• New Texas Cybersecurity Laws
  • September 11, 2017
  • The Texas Legislature considered and approved a variety of cybersecurity-related legislation during the 85th regular legislative session. Unless otherwise noted, each of the newly-enacted laws will go into effect on Sept. 1, 2017.

    Substantively speaking, Texas has taken a leadership role in addressing various cybersecurity and data privacy issues. The Texas laws enacted in 2017 cover a wide range of relevant concerns, such as required practices for state agencies, continuous monitoring and auditing of network systems and processes, updating the penal code for the digital era, and important student data privacy protections. Other states have taken steps to address some of these issues, but the newly adopted Texas legislative approach is comprehensive.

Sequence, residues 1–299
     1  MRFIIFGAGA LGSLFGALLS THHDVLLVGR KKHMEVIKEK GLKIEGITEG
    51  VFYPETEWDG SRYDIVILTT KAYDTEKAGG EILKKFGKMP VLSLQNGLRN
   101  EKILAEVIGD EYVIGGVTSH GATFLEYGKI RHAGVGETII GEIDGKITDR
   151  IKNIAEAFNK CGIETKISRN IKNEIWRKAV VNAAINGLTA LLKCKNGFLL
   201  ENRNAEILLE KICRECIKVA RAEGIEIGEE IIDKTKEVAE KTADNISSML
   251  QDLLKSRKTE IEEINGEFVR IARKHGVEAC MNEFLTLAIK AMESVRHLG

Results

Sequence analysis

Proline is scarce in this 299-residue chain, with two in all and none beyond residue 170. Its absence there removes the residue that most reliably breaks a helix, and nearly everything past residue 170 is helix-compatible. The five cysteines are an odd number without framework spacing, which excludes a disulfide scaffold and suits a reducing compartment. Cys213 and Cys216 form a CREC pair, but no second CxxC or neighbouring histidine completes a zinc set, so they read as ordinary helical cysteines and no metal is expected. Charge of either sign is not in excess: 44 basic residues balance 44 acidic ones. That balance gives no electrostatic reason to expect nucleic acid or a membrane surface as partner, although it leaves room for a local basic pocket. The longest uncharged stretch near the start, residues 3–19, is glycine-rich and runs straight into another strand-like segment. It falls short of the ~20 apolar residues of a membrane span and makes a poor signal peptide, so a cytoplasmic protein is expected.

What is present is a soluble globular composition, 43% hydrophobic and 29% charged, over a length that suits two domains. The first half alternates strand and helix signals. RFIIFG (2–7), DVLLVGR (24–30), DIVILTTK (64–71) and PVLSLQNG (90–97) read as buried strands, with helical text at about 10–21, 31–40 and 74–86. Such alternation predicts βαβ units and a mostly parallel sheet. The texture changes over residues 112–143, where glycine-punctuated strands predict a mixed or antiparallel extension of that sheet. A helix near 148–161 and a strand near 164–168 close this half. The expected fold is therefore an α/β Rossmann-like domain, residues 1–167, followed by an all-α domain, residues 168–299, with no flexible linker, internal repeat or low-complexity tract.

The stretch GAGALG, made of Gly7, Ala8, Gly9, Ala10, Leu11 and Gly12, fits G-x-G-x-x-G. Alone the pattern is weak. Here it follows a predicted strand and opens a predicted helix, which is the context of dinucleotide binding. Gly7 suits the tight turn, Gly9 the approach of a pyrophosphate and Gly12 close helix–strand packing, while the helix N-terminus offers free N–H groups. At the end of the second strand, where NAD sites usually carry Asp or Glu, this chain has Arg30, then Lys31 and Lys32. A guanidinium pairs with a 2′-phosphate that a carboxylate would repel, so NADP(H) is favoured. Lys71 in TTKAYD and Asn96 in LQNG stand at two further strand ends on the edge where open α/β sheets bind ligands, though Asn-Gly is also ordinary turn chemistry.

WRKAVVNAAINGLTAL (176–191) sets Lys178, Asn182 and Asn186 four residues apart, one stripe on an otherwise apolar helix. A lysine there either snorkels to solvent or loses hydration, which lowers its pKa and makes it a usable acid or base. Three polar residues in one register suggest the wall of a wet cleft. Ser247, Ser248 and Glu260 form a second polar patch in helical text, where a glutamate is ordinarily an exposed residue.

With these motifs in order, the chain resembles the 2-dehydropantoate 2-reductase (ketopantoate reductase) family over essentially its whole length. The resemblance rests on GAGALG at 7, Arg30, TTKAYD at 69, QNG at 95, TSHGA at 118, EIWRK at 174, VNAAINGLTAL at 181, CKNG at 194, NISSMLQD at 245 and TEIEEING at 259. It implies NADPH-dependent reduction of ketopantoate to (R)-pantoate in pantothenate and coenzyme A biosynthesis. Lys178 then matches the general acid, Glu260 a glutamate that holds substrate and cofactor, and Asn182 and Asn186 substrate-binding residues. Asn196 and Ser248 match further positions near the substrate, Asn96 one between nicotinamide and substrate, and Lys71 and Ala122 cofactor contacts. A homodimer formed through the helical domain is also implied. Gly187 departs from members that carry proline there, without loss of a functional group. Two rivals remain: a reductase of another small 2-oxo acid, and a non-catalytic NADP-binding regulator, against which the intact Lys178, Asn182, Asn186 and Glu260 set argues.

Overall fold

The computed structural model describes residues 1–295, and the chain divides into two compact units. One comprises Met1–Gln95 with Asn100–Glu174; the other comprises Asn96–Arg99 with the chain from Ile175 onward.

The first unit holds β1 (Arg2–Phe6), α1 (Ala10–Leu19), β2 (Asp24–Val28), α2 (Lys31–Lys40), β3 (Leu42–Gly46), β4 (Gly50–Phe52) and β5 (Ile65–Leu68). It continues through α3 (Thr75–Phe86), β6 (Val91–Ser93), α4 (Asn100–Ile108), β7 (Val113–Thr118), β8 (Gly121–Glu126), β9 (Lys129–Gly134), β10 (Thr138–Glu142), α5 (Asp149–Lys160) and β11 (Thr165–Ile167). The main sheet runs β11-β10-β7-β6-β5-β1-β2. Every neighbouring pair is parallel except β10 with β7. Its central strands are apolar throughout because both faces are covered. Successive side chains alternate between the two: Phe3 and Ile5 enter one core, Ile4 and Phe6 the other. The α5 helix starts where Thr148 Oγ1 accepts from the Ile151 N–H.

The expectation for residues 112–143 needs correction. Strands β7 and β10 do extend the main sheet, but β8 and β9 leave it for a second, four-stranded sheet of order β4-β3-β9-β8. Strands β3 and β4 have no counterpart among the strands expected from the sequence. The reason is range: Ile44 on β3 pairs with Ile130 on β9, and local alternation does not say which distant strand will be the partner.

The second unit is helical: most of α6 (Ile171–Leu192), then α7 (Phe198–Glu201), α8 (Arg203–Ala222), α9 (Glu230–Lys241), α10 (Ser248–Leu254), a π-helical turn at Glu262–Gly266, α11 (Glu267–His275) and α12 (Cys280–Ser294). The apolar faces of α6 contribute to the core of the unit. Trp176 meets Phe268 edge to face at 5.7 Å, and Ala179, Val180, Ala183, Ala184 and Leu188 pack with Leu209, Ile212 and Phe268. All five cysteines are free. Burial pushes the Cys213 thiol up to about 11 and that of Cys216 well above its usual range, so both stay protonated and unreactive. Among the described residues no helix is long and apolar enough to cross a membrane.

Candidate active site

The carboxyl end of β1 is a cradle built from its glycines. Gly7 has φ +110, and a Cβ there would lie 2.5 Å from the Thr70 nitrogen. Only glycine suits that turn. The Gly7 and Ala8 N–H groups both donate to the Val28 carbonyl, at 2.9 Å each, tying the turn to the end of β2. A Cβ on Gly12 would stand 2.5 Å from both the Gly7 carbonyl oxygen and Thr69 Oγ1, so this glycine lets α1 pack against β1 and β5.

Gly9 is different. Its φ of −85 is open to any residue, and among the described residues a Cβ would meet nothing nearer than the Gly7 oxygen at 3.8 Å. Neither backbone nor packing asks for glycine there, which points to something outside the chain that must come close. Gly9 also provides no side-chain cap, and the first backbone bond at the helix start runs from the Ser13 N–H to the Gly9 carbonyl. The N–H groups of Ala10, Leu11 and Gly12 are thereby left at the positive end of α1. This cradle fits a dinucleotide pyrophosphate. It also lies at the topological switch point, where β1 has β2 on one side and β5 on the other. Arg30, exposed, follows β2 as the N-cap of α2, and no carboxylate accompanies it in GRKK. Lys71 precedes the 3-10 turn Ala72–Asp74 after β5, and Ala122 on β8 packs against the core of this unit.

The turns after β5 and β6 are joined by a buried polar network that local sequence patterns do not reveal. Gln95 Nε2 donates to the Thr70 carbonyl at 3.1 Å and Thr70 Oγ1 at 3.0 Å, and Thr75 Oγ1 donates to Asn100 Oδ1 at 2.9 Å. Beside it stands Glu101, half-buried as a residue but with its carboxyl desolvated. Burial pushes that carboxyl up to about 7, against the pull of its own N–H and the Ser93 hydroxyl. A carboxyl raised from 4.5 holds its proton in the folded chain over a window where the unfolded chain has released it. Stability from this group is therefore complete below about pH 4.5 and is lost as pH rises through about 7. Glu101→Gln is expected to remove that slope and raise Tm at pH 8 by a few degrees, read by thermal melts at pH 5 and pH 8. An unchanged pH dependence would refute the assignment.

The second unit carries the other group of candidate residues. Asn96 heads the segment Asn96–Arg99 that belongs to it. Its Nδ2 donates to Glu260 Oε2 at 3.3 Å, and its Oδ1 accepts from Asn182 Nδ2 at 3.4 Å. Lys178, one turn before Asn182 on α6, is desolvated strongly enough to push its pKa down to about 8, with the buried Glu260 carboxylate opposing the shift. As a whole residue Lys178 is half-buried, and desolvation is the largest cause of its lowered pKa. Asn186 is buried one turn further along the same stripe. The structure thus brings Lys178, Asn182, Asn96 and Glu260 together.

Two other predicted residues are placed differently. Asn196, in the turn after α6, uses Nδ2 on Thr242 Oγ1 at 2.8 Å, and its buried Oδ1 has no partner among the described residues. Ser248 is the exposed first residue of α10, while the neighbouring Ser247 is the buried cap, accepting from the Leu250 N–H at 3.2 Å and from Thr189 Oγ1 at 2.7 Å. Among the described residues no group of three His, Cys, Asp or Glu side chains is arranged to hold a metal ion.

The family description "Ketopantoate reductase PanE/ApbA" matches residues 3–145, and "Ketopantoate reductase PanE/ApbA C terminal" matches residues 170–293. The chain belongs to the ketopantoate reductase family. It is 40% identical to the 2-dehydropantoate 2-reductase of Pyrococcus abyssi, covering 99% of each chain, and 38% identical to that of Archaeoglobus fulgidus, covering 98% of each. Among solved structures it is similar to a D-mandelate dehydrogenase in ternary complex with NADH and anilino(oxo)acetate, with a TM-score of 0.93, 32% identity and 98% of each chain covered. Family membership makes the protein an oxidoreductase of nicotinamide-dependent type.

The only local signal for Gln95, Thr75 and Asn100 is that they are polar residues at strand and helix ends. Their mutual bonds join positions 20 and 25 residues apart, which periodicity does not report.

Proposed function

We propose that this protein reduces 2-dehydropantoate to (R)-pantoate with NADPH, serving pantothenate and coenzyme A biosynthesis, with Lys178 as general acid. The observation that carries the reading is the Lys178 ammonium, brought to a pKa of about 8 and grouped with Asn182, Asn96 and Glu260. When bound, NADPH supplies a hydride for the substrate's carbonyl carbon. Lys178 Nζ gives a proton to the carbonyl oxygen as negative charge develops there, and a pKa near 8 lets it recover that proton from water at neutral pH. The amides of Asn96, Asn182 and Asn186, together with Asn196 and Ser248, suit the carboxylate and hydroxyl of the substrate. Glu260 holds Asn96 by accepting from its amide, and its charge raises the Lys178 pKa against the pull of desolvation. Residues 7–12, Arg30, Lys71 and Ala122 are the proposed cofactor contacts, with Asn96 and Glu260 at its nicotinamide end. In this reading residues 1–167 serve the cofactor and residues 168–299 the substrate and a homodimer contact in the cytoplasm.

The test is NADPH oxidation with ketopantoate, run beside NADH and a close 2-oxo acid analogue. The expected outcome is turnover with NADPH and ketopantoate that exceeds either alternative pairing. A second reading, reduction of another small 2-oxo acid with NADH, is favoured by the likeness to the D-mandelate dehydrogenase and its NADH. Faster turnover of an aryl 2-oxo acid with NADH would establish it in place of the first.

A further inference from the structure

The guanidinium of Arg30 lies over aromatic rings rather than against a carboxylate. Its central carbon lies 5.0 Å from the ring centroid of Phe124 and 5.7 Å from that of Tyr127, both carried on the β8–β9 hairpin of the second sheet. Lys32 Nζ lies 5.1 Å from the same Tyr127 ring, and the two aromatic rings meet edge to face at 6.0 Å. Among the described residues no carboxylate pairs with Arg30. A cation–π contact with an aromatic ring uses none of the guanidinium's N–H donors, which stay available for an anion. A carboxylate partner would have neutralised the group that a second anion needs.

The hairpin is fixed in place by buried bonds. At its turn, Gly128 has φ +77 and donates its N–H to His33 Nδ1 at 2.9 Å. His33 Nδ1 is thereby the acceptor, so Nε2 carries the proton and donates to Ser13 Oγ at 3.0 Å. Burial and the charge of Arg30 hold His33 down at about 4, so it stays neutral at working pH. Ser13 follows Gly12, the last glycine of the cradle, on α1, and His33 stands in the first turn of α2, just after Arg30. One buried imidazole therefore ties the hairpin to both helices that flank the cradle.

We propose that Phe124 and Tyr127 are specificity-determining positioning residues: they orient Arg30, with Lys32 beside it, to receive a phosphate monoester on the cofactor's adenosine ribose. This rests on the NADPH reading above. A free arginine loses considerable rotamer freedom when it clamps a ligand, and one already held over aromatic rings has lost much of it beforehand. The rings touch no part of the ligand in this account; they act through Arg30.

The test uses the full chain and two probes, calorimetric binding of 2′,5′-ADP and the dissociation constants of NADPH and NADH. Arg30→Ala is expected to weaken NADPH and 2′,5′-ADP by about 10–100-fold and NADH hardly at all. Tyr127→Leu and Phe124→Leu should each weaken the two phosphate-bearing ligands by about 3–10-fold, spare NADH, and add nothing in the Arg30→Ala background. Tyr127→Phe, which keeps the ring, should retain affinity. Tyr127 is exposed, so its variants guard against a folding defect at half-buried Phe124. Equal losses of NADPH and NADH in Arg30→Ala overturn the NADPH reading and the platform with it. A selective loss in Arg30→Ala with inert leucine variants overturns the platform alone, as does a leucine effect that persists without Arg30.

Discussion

House Bill 8 by Rep. Giovanni Capriglione – “Texas Cybersecurity Act”

    The Texas Cybersecurity Act establishes certain cybersecurity requirements for all state agencies in Texas, adds cybersecurity as an element of the sunset review process, creates a cybersecurity council, and requires that certain agencies conduct studies and reports related to cybersecurity threats and responses. House Speaker Joe Straus commented that the overarching goal of HB 8 is “to ensure state agencies are good stewards of private data.”1

    Consideration of Cybersecurity in Sunset Review Process